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    Those are excellent thoughts about cost versus value. I agree that TB bags offer exceptional value.

  5. #5
    Registered User bchaplin's Avatar
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    I can't see ever getting rid of my suitcases. Sometimes I prefer to check a bag (particularly when I travel long-haul for work, and want to spend the layover unencumbered by too much stuff). Using my 'junker' suitcase, which is sturdy and already pre-stained, is preferable for those trips. I can check the bag without worrying about how it will look when it comes off the baggage carousel.

    I also have a really nice Osprey Ozone, which I take with me 2-3 times a year, when I travel to visit family in the United States. It fits nicely in the overhead and is super light. For instance, last Christmas it was helpful to put all my gifts inside and wheel rather than carry them.

    On the other hand, I really enjoy those trips where I CAN jet around with nothing but a hand-held carry-on. It's a lot more fun to travel that way! And using the smaller Tom Bihn bags for my every-day commute has really changed my life, letting me be organized and streamline down to carrying one bag most of the time, which has been great.
    Last edited by bchaplin; 01-18-2015 at 08:34 AM.
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  6. #6
    Registered User Pokilani's Avatar
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    I can't see ever getting rid of my Tumi International two wheel carry on. The A30 is the heaviest I can carry, and there are times when I just want to pack more on certain trips. It fits in the overhead on the bigger planes, and gets gate-checked on the regional ones. I have also checked it on many occasions. The bag is also super tough and still in fantastic condition even after 7 years. It's been all over North America and to a few European destinations and I expect it will last many more years. Granted, it's not super light, but I can easily lift it in the overhead (my rule in traveling is to never bring what I can't handle easily on my own).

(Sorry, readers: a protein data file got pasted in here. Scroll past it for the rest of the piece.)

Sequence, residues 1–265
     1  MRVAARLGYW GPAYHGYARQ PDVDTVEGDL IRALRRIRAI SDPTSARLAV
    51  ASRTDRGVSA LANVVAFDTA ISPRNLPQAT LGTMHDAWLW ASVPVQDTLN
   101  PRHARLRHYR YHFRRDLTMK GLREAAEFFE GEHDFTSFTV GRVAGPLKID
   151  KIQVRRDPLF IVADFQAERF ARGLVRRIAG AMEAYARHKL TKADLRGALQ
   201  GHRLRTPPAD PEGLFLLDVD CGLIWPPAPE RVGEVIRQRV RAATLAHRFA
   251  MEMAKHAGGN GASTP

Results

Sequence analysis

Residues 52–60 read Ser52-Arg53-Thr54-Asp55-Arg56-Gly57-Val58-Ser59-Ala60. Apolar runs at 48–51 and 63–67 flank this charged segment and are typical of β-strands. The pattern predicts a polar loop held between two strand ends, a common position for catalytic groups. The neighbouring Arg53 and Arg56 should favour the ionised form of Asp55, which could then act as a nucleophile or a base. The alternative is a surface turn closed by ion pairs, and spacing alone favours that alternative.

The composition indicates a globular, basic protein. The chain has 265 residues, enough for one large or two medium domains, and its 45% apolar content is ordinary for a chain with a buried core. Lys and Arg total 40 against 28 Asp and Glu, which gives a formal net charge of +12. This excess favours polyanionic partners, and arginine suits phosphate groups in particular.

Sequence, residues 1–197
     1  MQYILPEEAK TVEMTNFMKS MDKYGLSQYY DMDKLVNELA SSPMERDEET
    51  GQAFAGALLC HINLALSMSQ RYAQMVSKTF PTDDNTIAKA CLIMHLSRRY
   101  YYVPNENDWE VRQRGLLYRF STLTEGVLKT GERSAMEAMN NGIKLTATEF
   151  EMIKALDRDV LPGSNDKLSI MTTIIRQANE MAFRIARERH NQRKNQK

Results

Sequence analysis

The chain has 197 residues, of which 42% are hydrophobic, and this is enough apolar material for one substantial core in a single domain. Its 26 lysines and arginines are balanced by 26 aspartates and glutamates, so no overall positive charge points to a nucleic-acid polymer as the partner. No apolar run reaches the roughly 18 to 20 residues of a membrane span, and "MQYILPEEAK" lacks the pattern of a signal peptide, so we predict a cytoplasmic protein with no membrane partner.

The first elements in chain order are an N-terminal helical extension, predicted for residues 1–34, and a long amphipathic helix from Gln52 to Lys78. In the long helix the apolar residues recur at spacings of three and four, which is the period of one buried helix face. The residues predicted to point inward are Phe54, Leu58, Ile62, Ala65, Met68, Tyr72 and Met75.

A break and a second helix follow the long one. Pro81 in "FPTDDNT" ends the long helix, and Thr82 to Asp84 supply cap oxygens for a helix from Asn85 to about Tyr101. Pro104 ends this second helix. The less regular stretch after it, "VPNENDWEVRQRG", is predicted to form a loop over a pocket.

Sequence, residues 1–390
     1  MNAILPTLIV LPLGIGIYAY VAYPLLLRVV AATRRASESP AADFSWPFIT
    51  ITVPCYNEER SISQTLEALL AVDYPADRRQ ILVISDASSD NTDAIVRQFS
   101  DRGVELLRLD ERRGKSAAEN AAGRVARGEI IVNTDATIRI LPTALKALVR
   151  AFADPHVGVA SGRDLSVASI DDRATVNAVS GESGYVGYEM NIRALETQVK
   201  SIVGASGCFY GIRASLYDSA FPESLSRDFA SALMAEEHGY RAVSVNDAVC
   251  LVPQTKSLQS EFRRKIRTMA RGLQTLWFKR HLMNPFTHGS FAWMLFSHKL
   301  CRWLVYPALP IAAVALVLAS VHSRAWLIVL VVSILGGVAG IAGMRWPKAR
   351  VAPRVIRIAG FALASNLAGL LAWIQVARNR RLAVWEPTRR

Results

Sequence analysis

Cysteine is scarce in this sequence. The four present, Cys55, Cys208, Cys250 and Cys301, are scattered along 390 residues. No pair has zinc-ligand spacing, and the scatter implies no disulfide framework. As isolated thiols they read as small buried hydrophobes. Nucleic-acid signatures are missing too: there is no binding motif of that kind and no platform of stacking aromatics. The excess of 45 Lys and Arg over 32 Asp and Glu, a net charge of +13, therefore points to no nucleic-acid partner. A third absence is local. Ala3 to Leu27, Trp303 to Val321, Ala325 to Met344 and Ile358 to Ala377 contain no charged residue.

But, like others have pointed out, there is nothing like traveling with my TB. Taking my A30 when traveling on busses, planes, and trains was amazing! I felt so free and nimble.


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    I think it's my bad experiences hauling our families monsterous luggage set through airports shuttles and hotels that has me looking at luggage in the rear view mirror. I didn't mean to come off as a jackass. It's interesting to get another perspective.

  8. #8
    Registered User bchaplin's Avatar
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    Quote Originally Posted by SKIMT View Post